Behind the show space was “Death by Art”, an exhibit to pay homage to the the community and culture that was built around Death by Audio. 

C: In late 2014, Death by Audio (along with other established places like 285 Kent and Glasslands) were forced out of their Brooklyn industrial space in order to make room for media giant, VICE. In an interview with Commercial Observer, Broker Drew Conner believed that the space was not fulfilling its post-gentrification potential. With this signaled the closing bell for many artist/music communities.

OA: They didn’t even buy it, I’m pretty sure they’re just renting it. But they received a lot of money from New York City in order for that to be really easy for them. 

C: What I never understood about the whole situation was that VICE probably had so many other spaces they could have chosen. Why do you think they made their final decision on that location? 

OA: It’s hard to say, I don’t know. I’m not sure how these giant decisions go down. I’m sure it was a multimillion dollar project, so maybe they got a very good deal to do this. Everyone has to look out for their own best interest, ya know? 

C: They had to have known what spaces were in there, though, right? 

OA: Someone must’ve known. I’m sure anyone who was a writer for VICE definitely knew what was going on, but I don’t know who the head honchos are that run it and they’re probably some dudes in some suits. They probably had no idea what the heck was going on, and [were] just looking at the figures. Also, once a company gets so big they sort of let business managers take over. And for all we know, the people who made this decision could have lived in France. 

C: Was there a point where you realized that maybe Death by Audio wasn’t totally sustainable anymore? That it was over? 

OA: Yeah, it wasn’t even that long before we left actually. We had a meeting with the landlords and they were saying they weren’t going to renew the lease. It had always been this unspoken thing where we were going to be in there and things were cool. There were even years that we didn’t have a lease. We always figured he was saving it for his children and grandchildren when he died. 

Co-owners Edan Wilbur and Matt Conboy ripping through a late night set as Fuckton.

Co-owners Edan Wilbur and Matt Conboy ripping through a late night set as Fuckton.

C: With the old saying, when one door closes, another one opens, where do you think that DIY community stands now? There’s places like Aviv, Shea Stadium and The Gateway that are still fostering all of this music. Though, I’m imagining that it’s getting much harder to start a space. What do you think the future holds for DIY around here? 

OA: Well, I think people are always going to find a way to throw shows. If anyone has seen how cool this stuff can be, I think they'll wanna do it. Hopefully that desire to throw those crazy shows outweighs them needing to live, and if it happens to get pushed out to other areas… well then that will happen. Death by Audio was so great because it was centrally located and easy for a lot of people to get to, but there’s still plenty of spaces that are doing some cool things.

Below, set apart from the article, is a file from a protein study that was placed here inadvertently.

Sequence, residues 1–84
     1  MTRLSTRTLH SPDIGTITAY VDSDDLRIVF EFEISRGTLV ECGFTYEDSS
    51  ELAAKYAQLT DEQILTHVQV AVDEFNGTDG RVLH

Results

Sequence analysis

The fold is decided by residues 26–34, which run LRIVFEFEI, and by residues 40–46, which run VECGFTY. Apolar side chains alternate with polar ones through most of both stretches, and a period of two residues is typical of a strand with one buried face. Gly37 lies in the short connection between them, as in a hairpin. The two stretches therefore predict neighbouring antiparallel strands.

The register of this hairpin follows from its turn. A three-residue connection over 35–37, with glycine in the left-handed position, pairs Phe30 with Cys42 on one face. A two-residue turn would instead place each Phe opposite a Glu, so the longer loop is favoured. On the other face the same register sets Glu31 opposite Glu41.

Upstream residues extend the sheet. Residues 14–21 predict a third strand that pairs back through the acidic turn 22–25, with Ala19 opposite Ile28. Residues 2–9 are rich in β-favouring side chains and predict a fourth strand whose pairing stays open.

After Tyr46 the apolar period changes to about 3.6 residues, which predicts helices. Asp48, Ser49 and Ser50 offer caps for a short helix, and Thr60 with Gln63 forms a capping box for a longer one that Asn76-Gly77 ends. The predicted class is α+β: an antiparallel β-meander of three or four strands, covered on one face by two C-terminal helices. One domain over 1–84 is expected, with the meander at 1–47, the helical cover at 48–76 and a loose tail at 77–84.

C: True. Your life must’ve changed completely, though. What’s been different? 

C: Oh, so much. Tons of things. I had this core group of friends that I lived with in that neighborhood, I barely see them anymore. It’s crazy to all of a sudden change most of your friends. It was the perfect workspace, and now I’m split up between a whole bunch of locations. It disrupts such a good workflow, at least for me personally. I had been living in the same spaces where I worked for so long that I’ve now been forced to readapt to life. 

C: Would you reopen Death by Audio? Are you still looking for a new space? 

OA: Yeah, if there’s anybody out there! If they have a space, I’ll gladly [do it]. I would love to live in another place like that. We were looking for awhile, and I think the original idea was to actually buy a place. That being said, it’s really hard to make that happen now. I don’t know, I guess it might still be on the table but it’s harder since everyone has really started a new chapter in their lives. 

Edan Wilbur surrounded by friends and shredded VICE magazines shortly after the final show. 

Edan Wilbur surrounded by friends and shredded VICE magazines shortly after the final show. 

C: I guess everyone is still sort of adjusting to it? 

OA: Everyone is all over the place now. Everyone lives in different places. Edan’s in Florida now for example. He was one of the key people there doing sound and booking. I don’t even know if anyone would even want to do it again. I mean, I’m definitely down but I’m maybe partially insane or something. 

C: What about the cost of living in New York City? It would be much harder now, right? 

OA: Well it is and it isn’t. I was telling this to someone not too long ago, where I was complaining that it was getting harder and more expensive to be here and what not. They asked me, then, to tell them what it was like when I first came to the city. I realized I had the same answer. That being “oh it’s so hard, it’s way too expensive, I’m living of ramen noodles and stuff like that”. Looking at it, nothing’s really changed, right? It seems impossible, but you just sorta need to step into it and do it. When we first moved into Death by Audio, it was nearly two months before we built a single room for people to live. First thing we built was (obviously) the practice space. 

C: Well yeah, the floor exists… why build a room? 

OA: Exactly! Gotta jam first haha! But everyone started getting miserable real fast. I was totally doubting its sustainability. I convinced my friends to come live here with me and they’re all just sad. I don’t know. Maybe I just have to go do it again, dive in. To just sort of restart Death by Audio might not have that same truth in finding it’s way out of nothing, because that’s what happened. There were some crappy shows there in the beginning, but it got easier once more people knew about it. I don't know, it might not be the same.

Lightning Bolt played the final set, leaving behind a brilliantly disastrous mess.

Lightning Bolt played the final set, leaving behind a brilliantly disastrous mess.